The Making of a Tireless Literary Translator
Why Megan McDowell Never Stops Working
Megan McDowell, a translator from Kentucky living in Chile, has had eight books published in the past two years. “It’s not really healthy what I do, because I work a lot,” she tells me. “But a lot of those books I’ve been working on for a really long time.”
McDowell first started translating Carlos Fonseca’s Colonel Lágrimas—a novel about a famous mathematician living in a cabin in the Pyrenees—when she was in Switzerland in 2012. Restless Books published it four years later. Seeing Red, a book about writer Lina Meruane’s descent into near-blindness, was another project McDowell picked up around that time. She read the book, loved it and, in addition to undertaking the translation, worked alongside Meruane to find an American publisher. Deep Vellum finally picked it up and put it out in February 2016.
The other six books: Fever Dream by Samanta Schweblin (Riverhead), Things We Lost in the Fire by Mariana Enriquez (Hogarth), Camanchaca by Diego Zúñiga (Coffee House), Divorce Is in the Air by Gonzalo Torné (Knopf), and My Documents (McSweeney’s) and Multiple Choice (Penguin) by Alejandro Zambra.
McDowell says that “translation is like creative reading. You have to read really deeply and have an interpretation and feel for a text in order to re-create it.” She generally approaches a book as an ordinary reader before attempting a first translation draft, revising that draft until she feels it’s perfect. Then she puts it aside—ideally for a few months—and comes back to it with the fresh eyes of an editor, questioning everything. After that, McDowell finally sends the manuscript to an editor at a publishing house.
But the process varies with each project: Alejandro Zambra’s Multiple Choice, written in the form of a standardized test, contains so much wordplay and technical gymnastics that it required a re-write in the original Spanish in order for her to translate it. McDowell and Zambra collaborated on entirely new content to convey the effect of Zambra’s original idea.
“Translation is like creative reading. You have to read really deeply and have an interpretation and feel for a text in order to re-create it”
The books McDowell translates all tend to be innovative in their approach. They’re mostly thin, but they bring an explosive quality. They consist of razor-sharp sentences and self-contained vignettes; it’s possible to read many of them in a single sitting. They defy traditional storytelling conventions while guiding the reader through surreal landscapes of South America and Europe.
Take Fever Dream, a novel that was just nominated for the 2017 Man Booker International Prize. Fever Dream consists of no more than about 25,000 words and features a sustained nightmarish conversation between a dying woman and a young boy in a rural hospital in Argentina. Like many of McDowell’s books, Fever Dream finds its visceral effect in an intense focus on simple images—a hot steering wheel, a coffee mug on a front lawn, a cigarette between the lips. “Strange can be quite normal,” one character explains. “Strange can just be the phrase ‘That is not important’ as an answer for everything. But if your son never answered you that way before, then the fourth time you ask him why he’s not eating, or if he’s cold, or you send him to bed, and he answers, almost biting off the words as if he were still learning to talk, ‘That is not important,’ I swear to you, Amanda, your legs start to tremble.”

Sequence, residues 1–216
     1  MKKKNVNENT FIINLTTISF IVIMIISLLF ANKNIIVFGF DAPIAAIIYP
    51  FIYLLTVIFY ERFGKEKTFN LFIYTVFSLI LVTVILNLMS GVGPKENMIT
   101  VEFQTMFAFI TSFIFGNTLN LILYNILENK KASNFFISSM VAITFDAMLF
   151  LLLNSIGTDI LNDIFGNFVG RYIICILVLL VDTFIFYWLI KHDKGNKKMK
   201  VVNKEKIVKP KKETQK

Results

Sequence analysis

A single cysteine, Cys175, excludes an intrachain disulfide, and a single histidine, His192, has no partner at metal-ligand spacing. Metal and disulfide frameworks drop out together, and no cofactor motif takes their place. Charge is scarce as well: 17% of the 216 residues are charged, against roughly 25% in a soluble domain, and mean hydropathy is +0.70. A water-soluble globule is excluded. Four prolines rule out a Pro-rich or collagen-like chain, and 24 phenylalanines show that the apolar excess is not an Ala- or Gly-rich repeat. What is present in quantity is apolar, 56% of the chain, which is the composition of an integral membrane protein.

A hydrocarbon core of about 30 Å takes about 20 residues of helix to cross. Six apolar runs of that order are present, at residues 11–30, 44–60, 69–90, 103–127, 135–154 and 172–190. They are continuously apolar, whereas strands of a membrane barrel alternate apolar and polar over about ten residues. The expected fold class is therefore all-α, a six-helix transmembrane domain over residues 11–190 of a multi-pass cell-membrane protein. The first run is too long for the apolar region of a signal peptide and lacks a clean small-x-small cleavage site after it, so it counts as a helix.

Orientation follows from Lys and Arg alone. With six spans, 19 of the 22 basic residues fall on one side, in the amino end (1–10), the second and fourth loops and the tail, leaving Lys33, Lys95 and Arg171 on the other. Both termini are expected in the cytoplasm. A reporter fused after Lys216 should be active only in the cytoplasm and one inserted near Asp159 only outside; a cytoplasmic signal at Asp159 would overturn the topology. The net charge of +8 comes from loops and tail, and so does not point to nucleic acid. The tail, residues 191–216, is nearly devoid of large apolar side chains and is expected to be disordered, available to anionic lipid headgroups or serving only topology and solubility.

As a freelance literary translator—and there’s no other kind—McDowell’s catalog demonstrates her power as a curative force, as well as the precarious nature of her work. Of her last eight books, each one has been published with a different press, and you can find McDowell’s name on only two of those covers. Even when she’s working with great writers and great presses, the compensation is minimal—in some cases close to nonexistent. For the first time ever, she recently received a royalty check for one of her books: 500 dollars. She shrugs. It’s something.
Indie presses are the exception, she says, but, “when you’re with a big press, they just want to hide the translator’s name. I get it: my name isn’t going to sell books. I’m not a translator for the fame or the money.” She hesitates. “I guess then the question is why am I a translator?”
“I grew up in Kentucky, and I read a lot of books,” McDowell tells me. Her dad was from Alabama and her mom from Missouri. “And I just—I always had in my head that I would leave Kentucky. So I did when I went to college.” McDowell studied English at DePaul University in Chicago, where she first became interested in literature in translation. Reading Julio Cortázar, in particular, had a big influence on her.
After college, McDowell got a position as a Publishing Fellow with Dalkey Archive Press. Over the course of that year, she only read Dalkey books, which turned out to be a lot of weird stuff—and she fell in love. “When you study English literature in college, you read the things that everyone reads,” McDowell says, “I loved those things, too, but it felt like I was discovering treasure to be reading these great writers that I’d never heard of before.” She applied to work full time at Dalkey, but says that she was young and scared and bombed her interview. They later told her that the reason they didn’t hire her was because she didn’t speak another language.
McDowell sought to correct that. A friend talked with her about helping him open a cultural center in Valparaíso, Chile. She became obsessed with the idea and moved there ahead of him—teaching English in Santiago for a year. In total, McDowell spent about three years in Chile on that trip. She learned Spanish, but she still wanted to be working in publishing, and she wasn’t.